A: Vivienne Westwood and Malcolm McLaren had a store in London in the 70s called a variety of things..Let It Rock/Sex/Seditionaries. They designed a lot of the clothes the first wave UK punks wore and it was the biggest influence to me when I first thought about designing clothing. Alexander McQueen, who’s work I also really admire, definitely took a lot from them.
Nowadays I get a lot of inspiration from old occult and religious art, Japanese woodcuts, horror movies posters. I saw a show of old CRASS zines and flyers from their personal collection a few months ago…that was really inspiring and contributed a lot to the way the most recent designs have looked.
T: Can you talk about your process a little bit- your screen are everywhere around the house and most of your gear is there well- can you talk about hand printing all of your own work.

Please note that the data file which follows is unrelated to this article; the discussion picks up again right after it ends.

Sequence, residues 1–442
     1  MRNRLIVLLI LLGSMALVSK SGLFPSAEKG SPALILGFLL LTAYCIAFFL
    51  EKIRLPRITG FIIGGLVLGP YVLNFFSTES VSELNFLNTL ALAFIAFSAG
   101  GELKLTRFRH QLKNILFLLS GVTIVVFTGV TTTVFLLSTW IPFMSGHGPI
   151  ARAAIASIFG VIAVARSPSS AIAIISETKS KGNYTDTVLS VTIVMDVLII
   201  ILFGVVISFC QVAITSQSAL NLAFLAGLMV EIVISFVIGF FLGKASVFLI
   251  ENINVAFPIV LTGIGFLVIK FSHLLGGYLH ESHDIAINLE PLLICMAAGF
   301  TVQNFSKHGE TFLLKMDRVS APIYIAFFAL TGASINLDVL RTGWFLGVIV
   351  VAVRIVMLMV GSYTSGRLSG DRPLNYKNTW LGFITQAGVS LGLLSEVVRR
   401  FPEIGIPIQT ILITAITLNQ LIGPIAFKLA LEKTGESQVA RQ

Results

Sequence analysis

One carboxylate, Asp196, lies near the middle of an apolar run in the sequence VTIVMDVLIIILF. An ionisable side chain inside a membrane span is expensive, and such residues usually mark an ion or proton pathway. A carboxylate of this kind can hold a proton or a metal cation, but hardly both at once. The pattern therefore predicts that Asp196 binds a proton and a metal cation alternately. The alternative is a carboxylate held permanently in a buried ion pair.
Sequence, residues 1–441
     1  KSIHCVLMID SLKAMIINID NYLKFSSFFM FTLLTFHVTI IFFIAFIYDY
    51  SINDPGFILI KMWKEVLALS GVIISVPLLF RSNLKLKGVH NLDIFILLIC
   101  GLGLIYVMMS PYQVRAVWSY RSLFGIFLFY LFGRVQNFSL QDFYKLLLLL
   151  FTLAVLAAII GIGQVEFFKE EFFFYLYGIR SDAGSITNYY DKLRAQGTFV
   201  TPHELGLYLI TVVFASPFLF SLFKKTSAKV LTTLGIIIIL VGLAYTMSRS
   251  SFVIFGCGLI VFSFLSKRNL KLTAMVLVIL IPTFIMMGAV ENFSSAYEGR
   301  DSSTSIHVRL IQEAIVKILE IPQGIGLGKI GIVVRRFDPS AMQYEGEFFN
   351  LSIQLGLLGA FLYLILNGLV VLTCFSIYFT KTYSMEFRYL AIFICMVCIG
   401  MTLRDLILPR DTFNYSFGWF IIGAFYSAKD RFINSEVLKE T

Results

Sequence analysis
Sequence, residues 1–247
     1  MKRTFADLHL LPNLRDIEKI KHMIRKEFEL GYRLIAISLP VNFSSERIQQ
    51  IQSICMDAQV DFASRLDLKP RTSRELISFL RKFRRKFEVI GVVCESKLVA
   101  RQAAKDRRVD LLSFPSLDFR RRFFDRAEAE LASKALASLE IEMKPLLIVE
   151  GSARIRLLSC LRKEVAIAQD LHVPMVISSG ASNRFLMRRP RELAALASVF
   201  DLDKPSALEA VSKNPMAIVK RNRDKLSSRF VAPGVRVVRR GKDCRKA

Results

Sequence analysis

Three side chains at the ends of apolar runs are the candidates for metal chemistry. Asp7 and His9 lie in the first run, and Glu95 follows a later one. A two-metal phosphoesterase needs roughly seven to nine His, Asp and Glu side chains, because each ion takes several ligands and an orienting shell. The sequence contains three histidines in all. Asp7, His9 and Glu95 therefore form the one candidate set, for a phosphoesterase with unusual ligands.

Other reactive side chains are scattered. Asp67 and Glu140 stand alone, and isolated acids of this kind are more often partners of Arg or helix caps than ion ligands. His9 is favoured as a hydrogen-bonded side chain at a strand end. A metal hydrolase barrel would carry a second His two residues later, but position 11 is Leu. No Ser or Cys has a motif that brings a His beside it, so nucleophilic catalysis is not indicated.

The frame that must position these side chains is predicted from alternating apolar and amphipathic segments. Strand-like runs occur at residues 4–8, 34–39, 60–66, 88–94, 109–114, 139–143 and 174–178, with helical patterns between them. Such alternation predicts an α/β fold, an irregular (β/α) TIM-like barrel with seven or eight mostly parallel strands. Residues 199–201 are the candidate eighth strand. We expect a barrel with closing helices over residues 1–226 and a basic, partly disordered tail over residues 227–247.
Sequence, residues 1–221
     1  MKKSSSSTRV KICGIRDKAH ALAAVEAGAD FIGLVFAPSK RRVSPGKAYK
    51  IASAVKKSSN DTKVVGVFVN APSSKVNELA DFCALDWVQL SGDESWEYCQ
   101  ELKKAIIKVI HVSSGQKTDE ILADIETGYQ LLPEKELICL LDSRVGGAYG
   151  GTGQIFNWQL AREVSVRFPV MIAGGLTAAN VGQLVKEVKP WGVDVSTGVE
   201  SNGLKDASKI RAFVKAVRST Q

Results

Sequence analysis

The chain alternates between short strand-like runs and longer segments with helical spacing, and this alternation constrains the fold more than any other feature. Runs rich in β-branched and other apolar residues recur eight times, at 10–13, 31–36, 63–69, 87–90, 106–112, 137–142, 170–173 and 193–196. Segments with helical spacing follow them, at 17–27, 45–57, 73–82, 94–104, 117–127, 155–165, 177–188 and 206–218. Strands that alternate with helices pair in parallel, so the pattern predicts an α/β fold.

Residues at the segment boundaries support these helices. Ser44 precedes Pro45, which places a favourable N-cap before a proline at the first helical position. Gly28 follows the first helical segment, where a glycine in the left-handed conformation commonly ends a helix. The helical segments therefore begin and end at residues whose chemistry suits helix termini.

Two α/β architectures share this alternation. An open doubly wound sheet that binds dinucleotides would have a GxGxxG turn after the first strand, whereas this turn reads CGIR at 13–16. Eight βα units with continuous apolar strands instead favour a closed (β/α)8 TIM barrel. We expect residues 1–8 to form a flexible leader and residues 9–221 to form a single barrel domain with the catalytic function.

A: Once I finish a design and am ready to release it, I will shoot the screen and print a few samples to shoot on a model for the website. I keep a stock of screens of all my current available designs, and for the most part custom print every order as I get it.
T: Since images can move so easily between mediums- from stickers, to shirts, to bags, to textiles to whatever- how do you think about not overwhelming your customers.
A: I design the graphics specifically for each piece…An image might look great on a shirt, but not necessarily work as a patch or sticker. I re use a lot of the same imagery…skulls, kanji, swords, etc…but will do a different composition depending on what I’m going to print on. Less is more very often…I prefer to only release a handful of shirts and a few other items every season The artwork is very personal to me, so I would rather have a smaller amount of consistent, quality work then a ton of mediocre items.
T: you started doing these amazing varsity jackets- can you talk about your more indepth approach on that process.